When China announced its two investigations into Australian wine, a lot of wine producers increased shipments, hoping to beat any tariffs.
A lot of Australian wine has been held up at Chinese ports in recent months. The producers will now have to decide between keeping the wine there and paying the tariff, or shipping it home.
In the 12 months to September 2020, Australian wine exports topped $2.998 billion – the highest level since 2007 when we exported $3 billion. Exports to China were up four percent to $1.2 billion.
The Australian wine industry is an innocent victim of deteoriating diplomatic relations with China, which has become increasingly hostile towards us.
China is unhappy with Australia about numerous issues including our stance on Taiwan and Hong Kong, but tensions boiled over when the Morrison Government called for an inquiry into the origins of the coronavirus.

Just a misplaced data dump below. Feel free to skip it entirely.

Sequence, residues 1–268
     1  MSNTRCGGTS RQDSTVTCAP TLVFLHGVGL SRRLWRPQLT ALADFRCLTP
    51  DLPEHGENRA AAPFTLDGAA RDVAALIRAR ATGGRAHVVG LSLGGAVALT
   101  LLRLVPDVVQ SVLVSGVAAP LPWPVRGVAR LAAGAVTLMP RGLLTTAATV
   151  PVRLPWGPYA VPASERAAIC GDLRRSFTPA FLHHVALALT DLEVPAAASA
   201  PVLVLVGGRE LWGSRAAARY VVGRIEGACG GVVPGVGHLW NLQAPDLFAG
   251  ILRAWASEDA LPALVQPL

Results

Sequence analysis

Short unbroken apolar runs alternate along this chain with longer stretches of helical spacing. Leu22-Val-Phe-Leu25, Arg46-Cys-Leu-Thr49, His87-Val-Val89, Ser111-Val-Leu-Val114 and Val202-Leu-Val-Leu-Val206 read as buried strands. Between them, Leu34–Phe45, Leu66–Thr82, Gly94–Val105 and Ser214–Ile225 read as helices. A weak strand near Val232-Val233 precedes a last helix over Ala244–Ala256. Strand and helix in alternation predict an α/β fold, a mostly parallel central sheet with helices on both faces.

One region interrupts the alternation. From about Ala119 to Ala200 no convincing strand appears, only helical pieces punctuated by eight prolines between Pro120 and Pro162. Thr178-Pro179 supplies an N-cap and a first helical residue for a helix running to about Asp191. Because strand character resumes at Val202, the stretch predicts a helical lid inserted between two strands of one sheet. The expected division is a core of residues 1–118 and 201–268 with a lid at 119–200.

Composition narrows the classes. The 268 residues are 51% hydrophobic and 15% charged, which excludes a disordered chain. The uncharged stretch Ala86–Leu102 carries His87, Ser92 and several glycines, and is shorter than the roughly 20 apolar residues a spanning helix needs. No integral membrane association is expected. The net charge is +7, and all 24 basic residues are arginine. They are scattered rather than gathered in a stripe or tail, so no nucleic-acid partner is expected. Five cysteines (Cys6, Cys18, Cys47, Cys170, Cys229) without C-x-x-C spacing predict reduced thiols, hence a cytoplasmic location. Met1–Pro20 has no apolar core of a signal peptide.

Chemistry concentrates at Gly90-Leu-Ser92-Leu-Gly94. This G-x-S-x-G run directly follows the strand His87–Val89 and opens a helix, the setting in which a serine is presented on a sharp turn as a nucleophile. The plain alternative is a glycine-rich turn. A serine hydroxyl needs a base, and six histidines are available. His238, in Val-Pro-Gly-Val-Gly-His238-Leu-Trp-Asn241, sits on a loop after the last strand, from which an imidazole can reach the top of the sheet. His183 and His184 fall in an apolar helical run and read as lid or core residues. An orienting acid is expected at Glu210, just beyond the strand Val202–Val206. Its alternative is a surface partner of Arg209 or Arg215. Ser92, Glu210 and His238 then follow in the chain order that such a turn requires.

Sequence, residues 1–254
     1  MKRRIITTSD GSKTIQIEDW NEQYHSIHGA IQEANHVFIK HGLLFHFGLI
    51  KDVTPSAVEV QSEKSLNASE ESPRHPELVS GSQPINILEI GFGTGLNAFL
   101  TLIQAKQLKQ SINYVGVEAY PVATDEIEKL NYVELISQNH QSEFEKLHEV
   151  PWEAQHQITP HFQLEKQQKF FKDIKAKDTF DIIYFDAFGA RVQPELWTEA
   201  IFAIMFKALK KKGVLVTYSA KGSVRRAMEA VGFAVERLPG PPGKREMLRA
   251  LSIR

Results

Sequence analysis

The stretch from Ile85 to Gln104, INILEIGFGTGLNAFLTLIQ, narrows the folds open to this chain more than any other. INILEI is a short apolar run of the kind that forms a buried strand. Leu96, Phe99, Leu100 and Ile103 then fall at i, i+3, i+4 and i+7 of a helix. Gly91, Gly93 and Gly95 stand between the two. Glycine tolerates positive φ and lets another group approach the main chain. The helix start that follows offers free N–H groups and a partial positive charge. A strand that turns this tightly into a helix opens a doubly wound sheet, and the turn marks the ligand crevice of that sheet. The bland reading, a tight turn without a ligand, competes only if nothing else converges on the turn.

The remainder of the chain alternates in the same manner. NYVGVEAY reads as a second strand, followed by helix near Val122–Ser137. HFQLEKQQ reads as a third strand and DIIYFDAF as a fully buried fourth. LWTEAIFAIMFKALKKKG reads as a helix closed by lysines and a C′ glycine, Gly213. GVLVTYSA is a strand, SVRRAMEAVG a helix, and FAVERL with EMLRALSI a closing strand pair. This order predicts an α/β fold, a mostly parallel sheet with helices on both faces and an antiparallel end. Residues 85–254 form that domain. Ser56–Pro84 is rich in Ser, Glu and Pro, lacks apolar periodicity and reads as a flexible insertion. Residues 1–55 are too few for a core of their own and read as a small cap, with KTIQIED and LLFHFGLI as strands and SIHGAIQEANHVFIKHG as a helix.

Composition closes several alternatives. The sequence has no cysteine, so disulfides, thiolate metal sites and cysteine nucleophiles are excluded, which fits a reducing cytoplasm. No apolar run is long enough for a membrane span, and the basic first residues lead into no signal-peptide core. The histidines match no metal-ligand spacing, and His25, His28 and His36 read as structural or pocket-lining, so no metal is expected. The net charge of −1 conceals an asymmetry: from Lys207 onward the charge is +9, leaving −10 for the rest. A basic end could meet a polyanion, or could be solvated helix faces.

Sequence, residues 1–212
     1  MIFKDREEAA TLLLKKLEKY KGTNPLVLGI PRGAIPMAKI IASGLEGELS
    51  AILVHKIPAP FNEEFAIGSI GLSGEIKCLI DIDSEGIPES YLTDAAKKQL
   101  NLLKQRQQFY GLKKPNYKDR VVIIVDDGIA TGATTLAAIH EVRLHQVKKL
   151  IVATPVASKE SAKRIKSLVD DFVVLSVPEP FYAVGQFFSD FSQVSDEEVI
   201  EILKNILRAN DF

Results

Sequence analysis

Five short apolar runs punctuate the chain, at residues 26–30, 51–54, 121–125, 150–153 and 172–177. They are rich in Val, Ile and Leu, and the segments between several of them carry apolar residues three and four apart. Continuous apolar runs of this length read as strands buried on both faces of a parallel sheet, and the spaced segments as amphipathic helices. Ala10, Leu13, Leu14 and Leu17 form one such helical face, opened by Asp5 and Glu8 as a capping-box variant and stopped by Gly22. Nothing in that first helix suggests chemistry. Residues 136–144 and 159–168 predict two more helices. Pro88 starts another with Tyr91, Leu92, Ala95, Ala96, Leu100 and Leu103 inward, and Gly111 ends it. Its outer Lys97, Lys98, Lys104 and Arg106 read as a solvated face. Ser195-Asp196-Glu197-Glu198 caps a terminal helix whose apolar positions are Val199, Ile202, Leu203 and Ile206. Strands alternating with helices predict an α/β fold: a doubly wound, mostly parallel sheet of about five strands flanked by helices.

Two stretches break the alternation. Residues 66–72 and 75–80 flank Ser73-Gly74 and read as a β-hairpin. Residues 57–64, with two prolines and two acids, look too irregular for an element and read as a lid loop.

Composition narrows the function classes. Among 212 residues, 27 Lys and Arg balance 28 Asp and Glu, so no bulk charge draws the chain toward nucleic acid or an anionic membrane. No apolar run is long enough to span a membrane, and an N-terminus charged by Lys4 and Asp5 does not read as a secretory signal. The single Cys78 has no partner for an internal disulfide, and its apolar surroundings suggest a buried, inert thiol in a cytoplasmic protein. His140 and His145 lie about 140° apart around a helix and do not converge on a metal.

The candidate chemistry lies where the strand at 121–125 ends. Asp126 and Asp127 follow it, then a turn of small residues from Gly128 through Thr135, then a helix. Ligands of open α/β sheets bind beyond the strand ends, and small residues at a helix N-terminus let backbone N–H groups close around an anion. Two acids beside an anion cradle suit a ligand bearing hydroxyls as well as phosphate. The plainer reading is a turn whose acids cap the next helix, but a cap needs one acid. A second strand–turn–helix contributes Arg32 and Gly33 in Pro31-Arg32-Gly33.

Our relationship with China is in tatters – heartbreaking for the more than 2,000 Australian winemakers who have worked long and hard to build lasting personal relationships in China.
China (including Hong Hong and Macau) became Australia’s first billion-dollar export market in 2018.
“Most of us have put 15 or 18 years of hard work into developing that market and, jeez, part of me is thinking all that work was for nothing,” Howard Park owner Jeff Burch told The Australian.
“We are not dumping wine, that is just a red herring.
“It’s a political decision. And why is Australian wine so popular? Because people enjoy our taste and like the wines.
“They love our traceability and our honesty.
“It is not that easy to find another market that quickly that can handle this kind of volume and price points.”